USS Straub (DE-181) Areas With Asbestos Exposure

The USS Straub (DE-181) was a Cannon-class destroyer escort laid down on June 7, 1943, and launched on September 19, the same year. It was commissioned on October 25, 1943, under Lt. Comdr. James T. Kilbreth’s command with the hull number DE-181 and served in the U.S. Navy for 4 years until it was decommissioned on October 17, 1947. During its activity, the ship carried a complement of 216 men on board and had its main missions in Bermuda, New York, Great Sound, Azores, Recife, Rio de Janeiro, Uruguay, North Africa, Hawaii, and Rhode Island. After the decommissioning, the ship was struck from the Navy List on August 1, 1973, and sold for scrapping the following year. Whilst it is generally known that asbestos can be found in lagging on pipework and boilers it was also used in electrical wiring, flooring, wall panels, cables, packing materials, adhesives, deck materials, bedding, and fireproof materials, as well as in protective clothing. The term "friable" describes asbestos in its immediately dangerous form because it releases tiny fibers into the air where they can be easily inhaled or ingested.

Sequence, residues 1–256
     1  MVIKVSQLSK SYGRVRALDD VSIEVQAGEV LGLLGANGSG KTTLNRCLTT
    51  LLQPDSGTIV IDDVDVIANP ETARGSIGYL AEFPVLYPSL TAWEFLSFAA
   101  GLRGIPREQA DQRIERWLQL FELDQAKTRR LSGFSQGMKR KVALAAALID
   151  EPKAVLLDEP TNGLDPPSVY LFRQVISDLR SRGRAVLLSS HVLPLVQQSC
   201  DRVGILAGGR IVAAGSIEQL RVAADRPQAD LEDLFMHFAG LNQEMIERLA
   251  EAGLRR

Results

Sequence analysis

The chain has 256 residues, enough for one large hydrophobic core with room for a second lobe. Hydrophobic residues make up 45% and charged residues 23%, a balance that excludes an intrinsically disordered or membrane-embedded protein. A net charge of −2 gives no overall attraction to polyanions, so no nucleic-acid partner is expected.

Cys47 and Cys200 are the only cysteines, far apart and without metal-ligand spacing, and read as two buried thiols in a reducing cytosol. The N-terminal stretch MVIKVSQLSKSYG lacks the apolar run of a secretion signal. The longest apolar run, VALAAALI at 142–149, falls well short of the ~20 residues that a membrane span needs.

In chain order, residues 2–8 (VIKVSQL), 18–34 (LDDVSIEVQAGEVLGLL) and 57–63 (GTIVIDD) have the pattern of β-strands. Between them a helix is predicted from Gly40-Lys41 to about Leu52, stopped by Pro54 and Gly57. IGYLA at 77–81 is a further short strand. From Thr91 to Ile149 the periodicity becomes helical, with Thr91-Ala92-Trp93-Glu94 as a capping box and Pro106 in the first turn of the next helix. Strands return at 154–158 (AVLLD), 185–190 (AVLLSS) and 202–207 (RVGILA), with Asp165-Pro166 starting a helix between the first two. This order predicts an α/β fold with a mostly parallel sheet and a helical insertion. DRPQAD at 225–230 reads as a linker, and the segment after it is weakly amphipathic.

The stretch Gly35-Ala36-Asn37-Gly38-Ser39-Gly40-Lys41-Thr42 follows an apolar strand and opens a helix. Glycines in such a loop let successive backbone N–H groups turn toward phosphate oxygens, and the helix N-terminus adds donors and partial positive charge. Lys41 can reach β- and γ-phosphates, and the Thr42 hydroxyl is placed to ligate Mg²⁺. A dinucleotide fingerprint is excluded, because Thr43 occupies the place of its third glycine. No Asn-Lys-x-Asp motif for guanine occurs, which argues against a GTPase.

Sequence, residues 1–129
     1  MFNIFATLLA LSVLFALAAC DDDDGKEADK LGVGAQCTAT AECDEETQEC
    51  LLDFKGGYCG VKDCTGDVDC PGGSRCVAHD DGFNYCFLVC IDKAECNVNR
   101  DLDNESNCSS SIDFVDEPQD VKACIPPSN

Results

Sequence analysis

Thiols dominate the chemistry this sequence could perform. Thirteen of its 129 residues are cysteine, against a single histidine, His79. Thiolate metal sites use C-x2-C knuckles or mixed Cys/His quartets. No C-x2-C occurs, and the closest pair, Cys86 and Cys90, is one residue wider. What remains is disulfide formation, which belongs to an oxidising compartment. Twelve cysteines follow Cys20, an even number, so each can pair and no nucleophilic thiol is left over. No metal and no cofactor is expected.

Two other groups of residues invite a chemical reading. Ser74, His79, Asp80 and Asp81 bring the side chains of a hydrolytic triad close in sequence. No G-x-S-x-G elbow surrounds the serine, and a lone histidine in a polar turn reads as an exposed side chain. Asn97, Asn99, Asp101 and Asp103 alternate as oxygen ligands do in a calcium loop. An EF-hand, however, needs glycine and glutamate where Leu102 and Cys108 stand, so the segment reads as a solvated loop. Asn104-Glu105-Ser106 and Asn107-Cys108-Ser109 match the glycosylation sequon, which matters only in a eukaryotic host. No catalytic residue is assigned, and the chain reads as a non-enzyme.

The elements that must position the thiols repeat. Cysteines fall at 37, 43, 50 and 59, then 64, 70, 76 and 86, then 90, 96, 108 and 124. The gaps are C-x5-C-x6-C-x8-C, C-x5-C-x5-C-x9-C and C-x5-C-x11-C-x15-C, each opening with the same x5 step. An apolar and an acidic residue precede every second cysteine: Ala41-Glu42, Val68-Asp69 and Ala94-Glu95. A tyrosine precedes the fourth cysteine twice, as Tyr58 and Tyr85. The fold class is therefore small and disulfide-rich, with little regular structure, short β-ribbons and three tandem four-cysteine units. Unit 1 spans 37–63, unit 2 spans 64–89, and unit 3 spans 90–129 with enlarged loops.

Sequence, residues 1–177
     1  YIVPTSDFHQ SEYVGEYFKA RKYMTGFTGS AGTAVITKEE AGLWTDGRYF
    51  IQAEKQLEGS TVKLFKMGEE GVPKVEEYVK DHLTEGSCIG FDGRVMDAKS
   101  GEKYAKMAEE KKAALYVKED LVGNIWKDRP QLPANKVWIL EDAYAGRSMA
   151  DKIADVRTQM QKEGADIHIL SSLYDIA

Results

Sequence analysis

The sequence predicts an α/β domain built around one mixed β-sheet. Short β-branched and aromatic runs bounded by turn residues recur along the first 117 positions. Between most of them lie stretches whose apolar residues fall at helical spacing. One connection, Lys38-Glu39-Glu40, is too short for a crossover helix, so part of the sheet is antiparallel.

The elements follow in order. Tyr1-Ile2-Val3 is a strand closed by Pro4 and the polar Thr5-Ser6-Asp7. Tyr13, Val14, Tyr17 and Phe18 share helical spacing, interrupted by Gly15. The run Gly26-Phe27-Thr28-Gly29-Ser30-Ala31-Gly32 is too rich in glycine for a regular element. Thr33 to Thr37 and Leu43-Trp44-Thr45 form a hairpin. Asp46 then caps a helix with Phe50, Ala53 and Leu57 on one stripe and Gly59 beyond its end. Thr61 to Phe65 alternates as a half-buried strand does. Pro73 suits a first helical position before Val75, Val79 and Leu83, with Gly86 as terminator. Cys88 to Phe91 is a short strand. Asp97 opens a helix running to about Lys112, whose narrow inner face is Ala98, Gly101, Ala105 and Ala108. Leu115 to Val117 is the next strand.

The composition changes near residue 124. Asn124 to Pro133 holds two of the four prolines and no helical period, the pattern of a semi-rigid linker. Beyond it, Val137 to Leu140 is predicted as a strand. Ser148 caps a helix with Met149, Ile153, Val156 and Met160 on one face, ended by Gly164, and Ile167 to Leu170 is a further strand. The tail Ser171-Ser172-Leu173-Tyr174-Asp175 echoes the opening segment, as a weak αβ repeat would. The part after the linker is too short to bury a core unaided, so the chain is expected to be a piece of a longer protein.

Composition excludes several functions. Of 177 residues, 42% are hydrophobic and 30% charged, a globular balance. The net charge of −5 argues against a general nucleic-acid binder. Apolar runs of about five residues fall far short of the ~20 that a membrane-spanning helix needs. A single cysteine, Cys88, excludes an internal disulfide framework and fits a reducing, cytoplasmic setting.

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Shipmates on USS Straub (DE-181)

William O. Burris Jr.

John E. Coie Jr.

Robert Ellershaw

Terry W. Gillaspie

Robert F. Gordon

Albert Howard Harty Jr.

George J. Huemmrich

George Kleinhagen

Charles L. Kohler

Joseph Reginald Laflamme

Lloyd Wayne Lehman Sr.

Victor Watson Meredith

Michael Samuel Moscarello

Adrian Pelzner

Ronald Edwardwallace Stewart